Documentation Requirements by License TypeFull Packaged Product Licenses Full packaged product (FPP) refers to software sold as boxed software in the retail channel. A full packaged product includes the box, software media (e.g., a CD), and documentation. POL requirements for full packaged products include: • Standard License Terms • Certificate of Authenticity: • For POL purposes, organizations need to retain only the panel with the COA sticker, not the entire box. • Proof of Purchase: • Because full packaged products allow for a one-time transfer of the license, the End-User License Agreement is also required to verify that the license has not been resold, donated, or otherwise transferred to another entity.
Documentation Requirements by License TypeELECTRONIC SOFTWARE DISTRIBUTION LICENSES Electronic software distribution (ESD) licenses cover software that was purchased online and downloaded electronically. POL requirements for ESD software include: • Standard License Terms • Product Use Rights (PUR) • Proof of Purchase: • Typically with ESD licenses, the proof of purchase comes in an email from the company that sold the software from its website. Many resellers of Microsoft software, as well as Microsoft’s own online store, also maintain a record of the sale under the purchaser’s online user account history. In addition, since electronically distributed software allows for a one-time transfer of the license, the End-User License Terms are also required to verify that the license has not been resold, donated, or otherwise transferred to another entity.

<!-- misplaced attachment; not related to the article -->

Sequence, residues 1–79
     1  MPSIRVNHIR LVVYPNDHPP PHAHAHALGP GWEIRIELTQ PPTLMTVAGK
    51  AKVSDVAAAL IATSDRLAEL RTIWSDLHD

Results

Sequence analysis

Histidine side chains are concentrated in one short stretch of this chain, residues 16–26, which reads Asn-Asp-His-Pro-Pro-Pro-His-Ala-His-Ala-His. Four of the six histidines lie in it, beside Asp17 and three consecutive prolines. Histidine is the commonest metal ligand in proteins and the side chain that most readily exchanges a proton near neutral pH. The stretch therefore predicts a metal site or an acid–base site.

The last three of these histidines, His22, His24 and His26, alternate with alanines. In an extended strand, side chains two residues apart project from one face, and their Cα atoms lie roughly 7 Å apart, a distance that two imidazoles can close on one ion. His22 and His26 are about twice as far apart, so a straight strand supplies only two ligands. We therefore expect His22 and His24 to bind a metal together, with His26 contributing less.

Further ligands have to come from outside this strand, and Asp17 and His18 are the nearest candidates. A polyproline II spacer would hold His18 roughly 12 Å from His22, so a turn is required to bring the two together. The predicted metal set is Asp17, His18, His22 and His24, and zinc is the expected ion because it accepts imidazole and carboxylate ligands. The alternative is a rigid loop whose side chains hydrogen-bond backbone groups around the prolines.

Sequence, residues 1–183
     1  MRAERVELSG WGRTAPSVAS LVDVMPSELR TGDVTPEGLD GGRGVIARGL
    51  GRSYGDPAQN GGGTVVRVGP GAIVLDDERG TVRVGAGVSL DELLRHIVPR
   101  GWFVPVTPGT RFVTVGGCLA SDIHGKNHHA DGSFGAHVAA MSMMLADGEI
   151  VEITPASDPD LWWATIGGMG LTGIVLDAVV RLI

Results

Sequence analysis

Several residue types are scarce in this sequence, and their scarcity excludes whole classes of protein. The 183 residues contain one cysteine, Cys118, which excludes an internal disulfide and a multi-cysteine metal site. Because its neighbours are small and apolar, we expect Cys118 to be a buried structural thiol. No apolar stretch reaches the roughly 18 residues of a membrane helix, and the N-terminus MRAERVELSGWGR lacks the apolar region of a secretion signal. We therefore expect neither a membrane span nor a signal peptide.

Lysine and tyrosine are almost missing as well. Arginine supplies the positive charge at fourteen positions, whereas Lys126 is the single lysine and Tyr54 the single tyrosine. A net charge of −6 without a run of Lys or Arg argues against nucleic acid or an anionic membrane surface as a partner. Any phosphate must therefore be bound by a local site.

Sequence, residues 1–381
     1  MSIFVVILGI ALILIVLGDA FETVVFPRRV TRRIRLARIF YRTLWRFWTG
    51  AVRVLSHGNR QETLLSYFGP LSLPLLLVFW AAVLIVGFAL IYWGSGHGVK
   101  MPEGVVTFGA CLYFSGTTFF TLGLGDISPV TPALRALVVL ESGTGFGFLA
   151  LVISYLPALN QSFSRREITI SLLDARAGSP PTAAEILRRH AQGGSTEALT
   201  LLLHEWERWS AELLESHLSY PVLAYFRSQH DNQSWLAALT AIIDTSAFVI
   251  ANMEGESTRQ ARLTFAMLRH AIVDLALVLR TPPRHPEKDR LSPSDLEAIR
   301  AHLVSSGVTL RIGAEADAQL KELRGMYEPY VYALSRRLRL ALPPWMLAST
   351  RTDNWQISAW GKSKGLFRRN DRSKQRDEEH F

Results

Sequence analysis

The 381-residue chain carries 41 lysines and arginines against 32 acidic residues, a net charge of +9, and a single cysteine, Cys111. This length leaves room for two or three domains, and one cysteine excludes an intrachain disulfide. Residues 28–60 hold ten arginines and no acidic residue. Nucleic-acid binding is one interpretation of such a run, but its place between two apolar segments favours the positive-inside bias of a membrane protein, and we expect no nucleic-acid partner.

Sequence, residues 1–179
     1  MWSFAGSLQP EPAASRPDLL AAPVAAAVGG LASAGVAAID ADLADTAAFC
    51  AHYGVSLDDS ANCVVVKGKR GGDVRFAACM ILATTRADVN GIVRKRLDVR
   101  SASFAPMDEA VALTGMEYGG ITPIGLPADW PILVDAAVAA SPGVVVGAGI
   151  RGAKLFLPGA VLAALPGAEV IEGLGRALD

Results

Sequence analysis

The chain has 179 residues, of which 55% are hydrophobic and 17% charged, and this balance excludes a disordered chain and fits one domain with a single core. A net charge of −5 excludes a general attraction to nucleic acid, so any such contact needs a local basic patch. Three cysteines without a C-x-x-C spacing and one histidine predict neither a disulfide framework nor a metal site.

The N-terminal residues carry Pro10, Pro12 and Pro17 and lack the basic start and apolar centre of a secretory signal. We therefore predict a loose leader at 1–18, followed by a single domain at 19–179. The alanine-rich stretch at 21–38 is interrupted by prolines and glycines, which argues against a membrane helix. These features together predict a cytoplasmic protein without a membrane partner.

Documentation Requirements by License TypeMSDN SUBSCRIPTIONS MSDN® subscriptions are licensed on a per-user basis, meaning each user of MSDN software requires a MSDN subscription to use the software. MSDN subscriptions are not offered as a “team” subscription, as such there is no sharing of MSDN subscription benefits for multiple users (except when each user has an MSDN subscription). MSDN Licenses can be purchased through a Volume Licensing agreement or through retail channels. POL requirements for MSDN subscriptions include: • Volume Licensing Agreement: • Product Use Rights (PUR): • NOTE: Software obtained through an MSDN subscription may be used only for the purposes of design, development, test, and demonstration of your programs. MSDN software may not be used in production environments, except where noted in the PUR. • Product List • Standard License Terms: For retail customers the license terms are specified in the Retail Software License Terms included with your product. • Proof of Purchase: Proof of purchase should include the named individual to whom the software is assigned. • NOTE: You can access summaries of your volume license purchases on Microsoft’s Volume Licensing Service Center website. For more information, please see the Additional Resources section.